The First Black President

I caught some of the Coretta Scott King funeral yesterday and was reminded why I don’t miss Bill Clinton. Clinton’s nauseating performance (“without notes,” cooed the New York Times), dripping with condescension towards the predominantly black audience, confirmed my preference for the current inarticulate bumbler in the White House.

The only observers who could do justice to Clinton- Mark Twain and H.L. Mencken – are unfortunately no longer with us. Chris Matthews just won’t do.

Maybe it’s a Southern thing that I can’t understand, but I find it disheartening that the blacks in the audience exploded with enthusiastic applause and yelps over Clinton’s impersonation of a snake oil salesman. Ironically, it’s quite true that Clinton did more for black people than any other president since Abraham Lincoln, but not for the reasons black Democrats would like to think. His gift to black people was to sign the Republican-authored welfare reform bill which put restrictions on welfare payments and was criticized vigorously by the civil rights lobby as an attack on poor, black children. Even the usually sagacious Pat Moynihan predicted a profusion of poor kids living on grates.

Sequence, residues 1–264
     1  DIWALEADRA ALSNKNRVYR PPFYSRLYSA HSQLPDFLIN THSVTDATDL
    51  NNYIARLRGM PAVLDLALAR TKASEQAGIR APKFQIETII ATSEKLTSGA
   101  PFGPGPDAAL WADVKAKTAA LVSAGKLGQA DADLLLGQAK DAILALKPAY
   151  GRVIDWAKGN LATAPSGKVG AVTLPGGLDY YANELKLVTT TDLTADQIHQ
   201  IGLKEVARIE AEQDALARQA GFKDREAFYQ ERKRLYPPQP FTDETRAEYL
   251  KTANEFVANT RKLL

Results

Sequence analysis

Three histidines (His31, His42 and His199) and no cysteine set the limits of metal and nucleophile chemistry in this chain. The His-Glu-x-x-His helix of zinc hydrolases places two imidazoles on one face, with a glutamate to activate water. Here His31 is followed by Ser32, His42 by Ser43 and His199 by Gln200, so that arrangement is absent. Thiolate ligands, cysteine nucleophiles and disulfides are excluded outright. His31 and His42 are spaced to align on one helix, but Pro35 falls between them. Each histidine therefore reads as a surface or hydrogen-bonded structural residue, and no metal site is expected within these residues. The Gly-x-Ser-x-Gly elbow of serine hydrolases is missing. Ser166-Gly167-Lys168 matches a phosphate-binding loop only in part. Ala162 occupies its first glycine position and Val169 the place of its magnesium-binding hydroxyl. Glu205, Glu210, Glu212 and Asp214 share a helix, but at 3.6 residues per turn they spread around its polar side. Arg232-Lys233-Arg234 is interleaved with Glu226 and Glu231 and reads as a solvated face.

Not only did it not happen, but the indices of social pathology – illegitimacy, unemployment, and crime- declined as a result of the welfare bill, one of the most successful pieces of legislation in American history. But let’s not forget that Bill Clinton was against the bill as written; his pledge to “reform welfare as we know it” was nothing more than another giant jobs program with no penalties. He signed the Republican bill because he knew it was popular and suspected that a veto would be overridden.